Federal administration of Switzerland

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The federal administration of Switzerland (German: Bundesverwaltung, French: Administration fédérale, Italian: Amministrazione federale) is the ensemble of agencies that constitute, together with the Swiss Federal Council, the executive branch of the Swiss federal authorities. The administration is charged with executing federal law and preparing draft laws and policy for the Federal Council and the Federal Assembly.[1]

The administration consists of seven federal departments and the Federal Chancellery. The departments are roughly equivalent to the ministries of other states, but their scope is generally broader. Each department consists of several federal offices, which are headed by a director, and of other agencies. The much smaller Federal Chancellery, headed by the Federal Chancellor, operates as an eighth department in most respects.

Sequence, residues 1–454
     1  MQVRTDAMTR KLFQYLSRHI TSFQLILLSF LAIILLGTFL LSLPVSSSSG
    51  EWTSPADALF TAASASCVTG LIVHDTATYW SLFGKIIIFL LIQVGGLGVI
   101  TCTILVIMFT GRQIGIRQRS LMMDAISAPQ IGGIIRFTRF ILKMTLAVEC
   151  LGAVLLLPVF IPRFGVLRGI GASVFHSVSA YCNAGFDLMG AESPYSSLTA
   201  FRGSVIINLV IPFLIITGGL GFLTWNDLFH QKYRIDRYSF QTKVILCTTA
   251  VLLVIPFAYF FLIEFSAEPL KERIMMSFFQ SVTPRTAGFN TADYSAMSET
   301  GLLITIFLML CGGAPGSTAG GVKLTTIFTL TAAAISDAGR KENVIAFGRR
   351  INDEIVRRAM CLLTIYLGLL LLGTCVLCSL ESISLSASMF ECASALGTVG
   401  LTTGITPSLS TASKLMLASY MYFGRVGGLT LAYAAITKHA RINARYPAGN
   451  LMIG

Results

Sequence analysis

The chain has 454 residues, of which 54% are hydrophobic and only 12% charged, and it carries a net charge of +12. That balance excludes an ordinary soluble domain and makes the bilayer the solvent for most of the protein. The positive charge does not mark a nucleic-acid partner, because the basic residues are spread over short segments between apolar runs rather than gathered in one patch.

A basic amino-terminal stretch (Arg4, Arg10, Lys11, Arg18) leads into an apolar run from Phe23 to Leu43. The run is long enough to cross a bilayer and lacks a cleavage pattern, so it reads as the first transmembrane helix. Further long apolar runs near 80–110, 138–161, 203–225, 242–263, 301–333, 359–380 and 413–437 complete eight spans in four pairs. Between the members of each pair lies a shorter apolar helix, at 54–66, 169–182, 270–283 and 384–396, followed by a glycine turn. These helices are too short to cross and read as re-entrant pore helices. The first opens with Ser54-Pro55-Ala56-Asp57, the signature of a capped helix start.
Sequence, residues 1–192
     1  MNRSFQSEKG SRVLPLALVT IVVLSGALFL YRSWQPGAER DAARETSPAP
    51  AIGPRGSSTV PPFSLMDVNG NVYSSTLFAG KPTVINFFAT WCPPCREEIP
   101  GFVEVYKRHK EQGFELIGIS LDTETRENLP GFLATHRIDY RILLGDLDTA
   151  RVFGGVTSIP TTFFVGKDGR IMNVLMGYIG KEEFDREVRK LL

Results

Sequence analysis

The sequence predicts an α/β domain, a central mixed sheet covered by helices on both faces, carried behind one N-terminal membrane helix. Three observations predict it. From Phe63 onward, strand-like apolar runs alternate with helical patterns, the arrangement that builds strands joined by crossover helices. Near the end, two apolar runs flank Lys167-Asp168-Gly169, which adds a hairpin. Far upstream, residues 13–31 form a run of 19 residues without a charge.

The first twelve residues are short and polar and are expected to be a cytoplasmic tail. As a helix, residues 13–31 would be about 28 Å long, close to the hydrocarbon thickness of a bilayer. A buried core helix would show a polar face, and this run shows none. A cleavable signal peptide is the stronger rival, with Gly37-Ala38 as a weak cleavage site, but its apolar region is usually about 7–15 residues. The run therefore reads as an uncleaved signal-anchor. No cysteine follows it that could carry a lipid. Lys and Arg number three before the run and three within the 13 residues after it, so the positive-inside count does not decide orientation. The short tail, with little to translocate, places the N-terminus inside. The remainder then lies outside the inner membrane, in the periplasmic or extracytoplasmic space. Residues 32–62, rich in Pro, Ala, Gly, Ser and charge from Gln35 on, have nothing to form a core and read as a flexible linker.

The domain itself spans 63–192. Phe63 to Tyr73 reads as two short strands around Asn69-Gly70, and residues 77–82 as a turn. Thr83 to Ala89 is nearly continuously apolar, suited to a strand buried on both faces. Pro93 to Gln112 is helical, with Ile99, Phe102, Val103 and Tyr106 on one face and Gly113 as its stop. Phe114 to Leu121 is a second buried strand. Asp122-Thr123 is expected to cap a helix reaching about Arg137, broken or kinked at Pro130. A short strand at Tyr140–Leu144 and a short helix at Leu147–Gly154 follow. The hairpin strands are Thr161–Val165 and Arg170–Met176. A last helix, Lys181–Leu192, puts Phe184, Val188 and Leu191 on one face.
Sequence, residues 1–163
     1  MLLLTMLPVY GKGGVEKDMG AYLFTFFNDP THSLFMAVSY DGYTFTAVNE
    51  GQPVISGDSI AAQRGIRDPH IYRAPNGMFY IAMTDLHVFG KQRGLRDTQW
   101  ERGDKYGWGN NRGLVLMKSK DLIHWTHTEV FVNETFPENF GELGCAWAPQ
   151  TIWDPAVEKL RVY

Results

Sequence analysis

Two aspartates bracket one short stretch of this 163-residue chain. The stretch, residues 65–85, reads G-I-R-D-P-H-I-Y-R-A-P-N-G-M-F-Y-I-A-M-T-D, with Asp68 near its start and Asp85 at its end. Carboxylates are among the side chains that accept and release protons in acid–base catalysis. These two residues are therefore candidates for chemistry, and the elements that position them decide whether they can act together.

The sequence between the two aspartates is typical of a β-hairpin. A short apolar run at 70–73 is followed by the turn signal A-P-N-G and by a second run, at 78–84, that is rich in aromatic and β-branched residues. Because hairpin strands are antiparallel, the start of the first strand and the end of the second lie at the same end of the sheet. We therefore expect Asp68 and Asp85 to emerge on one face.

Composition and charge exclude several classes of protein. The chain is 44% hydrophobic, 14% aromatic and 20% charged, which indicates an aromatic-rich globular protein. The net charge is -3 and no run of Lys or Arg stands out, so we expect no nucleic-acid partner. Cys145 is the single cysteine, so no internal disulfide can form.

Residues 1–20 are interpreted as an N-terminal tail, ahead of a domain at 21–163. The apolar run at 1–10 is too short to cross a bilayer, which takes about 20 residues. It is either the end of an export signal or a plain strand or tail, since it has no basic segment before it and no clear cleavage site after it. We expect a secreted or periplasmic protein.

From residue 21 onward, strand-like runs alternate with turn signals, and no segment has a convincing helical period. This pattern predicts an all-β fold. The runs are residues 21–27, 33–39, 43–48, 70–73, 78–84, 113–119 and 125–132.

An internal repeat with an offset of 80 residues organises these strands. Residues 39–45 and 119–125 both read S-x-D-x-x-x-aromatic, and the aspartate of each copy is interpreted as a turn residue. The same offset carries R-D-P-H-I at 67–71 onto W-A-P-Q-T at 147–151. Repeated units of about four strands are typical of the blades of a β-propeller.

Federal Council[edit]

The administration in its entirety is directed by the Swiss Federal Council,[2] and the Federal Council and the administration are subject to parliamentary oversight by the Federal Assembly. Each member of the Federal Council is also, in his or her individual capacity, the head of one of the seven departments.[2] The Federal Council has the sole authority to decide on the size and composition of the departments, and to make all executive decisions that are not delegated by law to an individual department, or to the Chancellery. The Council also decides which department its members are appointed to lead, although it is customary that Councillors choose their preferred department in order of seniority.

The absence of hierarchic leadership within the Council has caused the departments to acquire a very considerable autonomy, to the extent that the federal executive has been characterised as "seven co-existing departmental governments."[2]

Size[edit]